Reviewed by Joel R. Dennstedt for Readers' Favorite
What an amazing and magical little gem appears for the holidays in Janie Gets a Genie for Christmas by David Blaze. This may be a children’s book, but like any truly great one, Janie Gets a Genie also targets the adult perspective – not to mention adult nostalgia for simple goodness – by speaking clearly, precisely, and honestly about the issues that, perhaps not for the best, turn children into later, adult-defined selves. Just so, we are introduced to Janie, the narrator, who already knows the honesty of unpopularity, of being imperfectly overweight, who wishes things were different, but in her too-big-hearted way wishes even more for others. While last minute Christmas shopping with her mother, Janie comes upon a magic tea kettle. Okay, a golden lamp. Of course, there is a genie abiding somewhere inside. Just not the one you might expect. His name is Micah.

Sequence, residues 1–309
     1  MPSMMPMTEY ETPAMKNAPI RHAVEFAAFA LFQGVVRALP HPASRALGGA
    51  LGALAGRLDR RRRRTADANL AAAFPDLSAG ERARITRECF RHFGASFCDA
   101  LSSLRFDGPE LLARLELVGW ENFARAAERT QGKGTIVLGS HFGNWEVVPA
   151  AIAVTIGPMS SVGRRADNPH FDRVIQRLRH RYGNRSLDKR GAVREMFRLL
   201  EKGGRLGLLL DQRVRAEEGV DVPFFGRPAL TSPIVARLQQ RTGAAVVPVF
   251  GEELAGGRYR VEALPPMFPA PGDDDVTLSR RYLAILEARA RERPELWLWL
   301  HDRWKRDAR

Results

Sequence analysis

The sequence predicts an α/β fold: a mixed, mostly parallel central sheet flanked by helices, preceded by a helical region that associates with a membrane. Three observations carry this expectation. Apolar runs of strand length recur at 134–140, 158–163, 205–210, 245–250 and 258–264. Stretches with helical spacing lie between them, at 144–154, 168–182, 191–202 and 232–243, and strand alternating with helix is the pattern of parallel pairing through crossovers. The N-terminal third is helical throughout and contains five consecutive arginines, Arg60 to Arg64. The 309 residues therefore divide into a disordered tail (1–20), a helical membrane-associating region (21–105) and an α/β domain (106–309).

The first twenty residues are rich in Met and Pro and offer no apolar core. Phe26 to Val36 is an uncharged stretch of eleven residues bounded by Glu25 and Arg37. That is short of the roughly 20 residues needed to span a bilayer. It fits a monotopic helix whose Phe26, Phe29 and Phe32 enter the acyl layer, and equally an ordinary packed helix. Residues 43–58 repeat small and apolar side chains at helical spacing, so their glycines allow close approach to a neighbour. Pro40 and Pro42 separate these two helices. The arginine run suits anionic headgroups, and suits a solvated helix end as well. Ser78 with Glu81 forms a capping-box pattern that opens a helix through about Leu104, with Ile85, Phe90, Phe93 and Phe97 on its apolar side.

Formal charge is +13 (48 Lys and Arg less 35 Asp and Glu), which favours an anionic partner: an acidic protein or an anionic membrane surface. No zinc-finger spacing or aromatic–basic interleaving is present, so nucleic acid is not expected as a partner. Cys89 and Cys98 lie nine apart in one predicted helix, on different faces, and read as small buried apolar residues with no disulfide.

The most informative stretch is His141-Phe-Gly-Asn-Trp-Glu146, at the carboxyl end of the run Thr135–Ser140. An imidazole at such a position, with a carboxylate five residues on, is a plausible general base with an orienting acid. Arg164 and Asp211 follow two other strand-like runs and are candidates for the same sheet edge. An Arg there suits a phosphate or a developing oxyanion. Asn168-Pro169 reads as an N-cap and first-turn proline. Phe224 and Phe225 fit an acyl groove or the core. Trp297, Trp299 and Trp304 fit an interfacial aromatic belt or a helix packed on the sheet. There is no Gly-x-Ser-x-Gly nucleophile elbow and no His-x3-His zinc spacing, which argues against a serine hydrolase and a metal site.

To go further into the plot line of Janie Gets a Genie for Christmas would be to dissipate the fun and magic of David Blaze’s truly delightful book. The story told is written with such pure conciseness that one is surprisingly impressed with how quickly it becomes relevant to one’s own heart. The author manages to poke the reader with precious little plot twists meant to avoid both familiar expectations and, worse, the disappointments of cliché. And the always necessary lesson(s) to be found in any great children’s book is revealed in this one to be the practicality of goodness, with a tiny glimpse at how the world works when such goodness is sincerely practiced. Most of all, like this magical little book itself, the surprises to be had on Christmas morning when one truly does not expect them or demand them.